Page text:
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What Makes A Great PR Manager?

February 13, 2009

In the first of a series of posts about public relations for the performing arts a couple of weeks ago, I laid out a set of guidelines for writers of press releases. Today, I'd like to devote my attention to discussing what makes an effective performing arts public relations manager from the perspective of an arts journalist.

PR is a subtle art, but many of the people who practice it are not subtle people. Those less adept at their job tend to rampage around repeatedly bludgeoning editors and reporters with information. They speak in loud, bland voices and lack the guts to provide the arts organizations with whom they work advice on how best to approach the media, instead often allowing the artists to dictate how they should run their campaigns.

Every now and again, though, I come across a public relations manager who's terrific. I'd like to share some pointers regarding what I think makes these individuals such a pleasure to work with.

1. Competence: The best PR people know the work of the artists with whom they collaborate intimately and can answer most questions straight away. They can get answers to those questions for which they don't have an immediate answer quickly. They are familiar with the layouts/set ups/business models etc of all the local media from radio, TV, newspapers and magazines to Internet publications, blogs, podcasts and vodcasts. They have a strong network of connections both in the media and the arts world and they know how best to match ideas with people. They keep their press lists up to date.

2. Responsiveness: Effective PR managers only need to be asked once for something e.g. press tickets, a playscript, the answer to a question about the artist, and they get back to journalists as fast as they can. They don't need to be asked twice. They keep on top of their email and voicemail and always provide a means of communication e.g. cellphone when they're out of the office.

3. Understanding of the Journalist's Job: My favorite PR managers understand what a deadline is and don't drag their heels. They also know that journalists are inundated with press releases and don't keep pestering them by repeatedly sending out the same information more than two or three times or hassling reporters on the phone to find out if they received a press release and will be coming to review the show.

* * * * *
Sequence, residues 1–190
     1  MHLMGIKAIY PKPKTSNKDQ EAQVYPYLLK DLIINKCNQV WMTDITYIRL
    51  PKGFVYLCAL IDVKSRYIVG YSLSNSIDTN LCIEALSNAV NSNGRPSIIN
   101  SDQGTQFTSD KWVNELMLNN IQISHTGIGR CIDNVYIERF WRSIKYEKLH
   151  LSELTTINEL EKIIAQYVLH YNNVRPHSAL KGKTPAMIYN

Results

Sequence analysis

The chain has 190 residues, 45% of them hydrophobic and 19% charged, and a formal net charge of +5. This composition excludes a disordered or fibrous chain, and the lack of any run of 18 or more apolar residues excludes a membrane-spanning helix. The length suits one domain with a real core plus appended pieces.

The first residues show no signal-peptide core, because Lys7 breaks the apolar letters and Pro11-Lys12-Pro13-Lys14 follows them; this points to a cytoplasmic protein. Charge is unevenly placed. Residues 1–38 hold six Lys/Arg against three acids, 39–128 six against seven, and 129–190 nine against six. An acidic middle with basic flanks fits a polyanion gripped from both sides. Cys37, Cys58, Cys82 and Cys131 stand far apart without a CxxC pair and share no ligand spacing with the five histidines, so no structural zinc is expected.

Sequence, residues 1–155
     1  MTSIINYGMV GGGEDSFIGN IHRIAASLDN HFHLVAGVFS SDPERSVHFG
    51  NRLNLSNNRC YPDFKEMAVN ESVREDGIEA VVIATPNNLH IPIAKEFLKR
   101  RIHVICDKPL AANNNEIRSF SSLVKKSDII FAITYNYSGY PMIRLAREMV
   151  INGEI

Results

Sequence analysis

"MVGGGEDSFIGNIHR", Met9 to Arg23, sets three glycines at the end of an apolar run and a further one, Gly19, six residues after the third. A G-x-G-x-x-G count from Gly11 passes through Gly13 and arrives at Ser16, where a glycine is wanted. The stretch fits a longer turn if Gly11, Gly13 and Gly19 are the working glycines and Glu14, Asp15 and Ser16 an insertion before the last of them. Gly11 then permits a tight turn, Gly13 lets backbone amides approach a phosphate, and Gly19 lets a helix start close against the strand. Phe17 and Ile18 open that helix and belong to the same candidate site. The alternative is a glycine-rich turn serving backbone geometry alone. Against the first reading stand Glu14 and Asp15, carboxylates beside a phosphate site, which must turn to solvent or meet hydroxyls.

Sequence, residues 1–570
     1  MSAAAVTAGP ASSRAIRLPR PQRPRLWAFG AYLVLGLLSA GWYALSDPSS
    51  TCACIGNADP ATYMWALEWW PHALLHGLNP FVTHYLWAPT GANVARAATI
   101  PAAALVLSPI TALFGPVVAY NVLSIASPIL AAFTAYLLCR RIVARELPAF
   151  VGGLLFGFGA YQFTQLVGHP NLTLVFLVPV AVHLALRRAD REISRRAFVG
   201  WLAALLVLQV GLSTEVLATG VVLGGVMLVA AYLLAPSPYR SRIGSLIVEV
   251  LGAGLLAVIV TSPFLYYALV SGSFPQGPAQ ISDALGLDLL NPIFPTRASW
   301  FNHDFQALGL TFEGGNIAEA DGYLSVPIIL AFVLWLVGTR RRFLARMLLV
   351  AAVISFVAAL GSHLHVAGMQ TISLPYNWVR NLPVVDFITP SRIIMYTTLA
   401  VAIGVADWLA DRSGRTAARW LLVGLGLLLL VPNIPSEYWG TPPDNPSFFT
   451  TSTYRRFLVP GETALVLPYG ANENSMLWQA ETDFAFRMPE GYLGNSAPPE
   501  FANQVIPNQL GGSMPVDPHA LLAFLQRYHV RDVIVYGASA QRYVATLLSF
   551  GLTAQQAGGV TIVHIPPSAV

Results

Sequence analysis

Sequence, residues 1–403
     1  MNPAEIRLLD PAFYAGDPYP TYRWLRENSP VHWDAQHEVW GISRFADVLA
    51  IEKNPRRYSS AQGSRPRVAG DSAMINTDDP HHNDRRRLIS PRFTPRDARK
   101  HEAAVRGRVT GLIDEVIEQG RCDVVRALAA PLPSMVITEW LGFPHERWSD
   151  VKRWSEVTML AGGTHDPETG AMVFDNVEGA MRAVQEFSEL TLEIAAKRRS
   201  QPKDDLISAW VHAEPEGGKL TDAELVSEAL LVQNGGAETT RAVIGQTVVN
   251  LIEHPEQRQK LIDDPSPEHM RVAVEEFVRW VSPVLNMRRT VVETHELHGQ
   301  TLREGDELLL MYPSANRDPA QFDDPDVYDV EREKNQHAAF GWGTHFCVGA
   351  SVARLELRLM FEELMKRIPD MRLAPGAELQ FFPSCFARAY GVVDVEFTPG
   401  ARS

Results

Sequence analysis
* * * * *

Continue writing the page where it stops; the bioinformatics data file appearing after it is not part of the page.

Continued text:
4. Appreciation for all media formats: Many PR people still cling to old media -- newspapers, magazines, TV, radio -- as being if not the sole means of communication, at least the most important. But the (arts) media landscape is changing and the best PR people are up on the latest new media formats and actively court those journalists working in the arts field whose blogs/podcasts/vlogs etc are serious and well-created.

5. Ability to Rectify Mistakes: Sometimes things go wrong. Requests for press tickets go missing; a misprint appears in a magazine. Effective PR managers always keep tickets back at the box office so journalists with bona fide press ticket reservations don't get turned away. They gently contact editors to ask for the copy to be amended online / an error message to be published in next day's issue etc.

6. Good press release writing skills: I went into detail about this in my recent blog post on the subject.

7. Ability to stand up to their clients: This is a tricky one as it's the client who's paying the bills. But effective PR managers need to take charge when it comes to media relations matters and persuade the artists for whom they work to follow their guidance on publicity campaign issues in order to keep messaging targeted, elegant and intelligible.

8. Openness: PR managers who don't always put their guard up around journalists and view them with suspicion and are willing to be relaxed, friendly and, wherever possible, open, are much more fun to work with. PR managers who don't always talk in bland "PR speak" but can provide a positive yet frank view on things are more likely to get a fair shakeout for their arts organizations from the media than those who play things too close to their chests.


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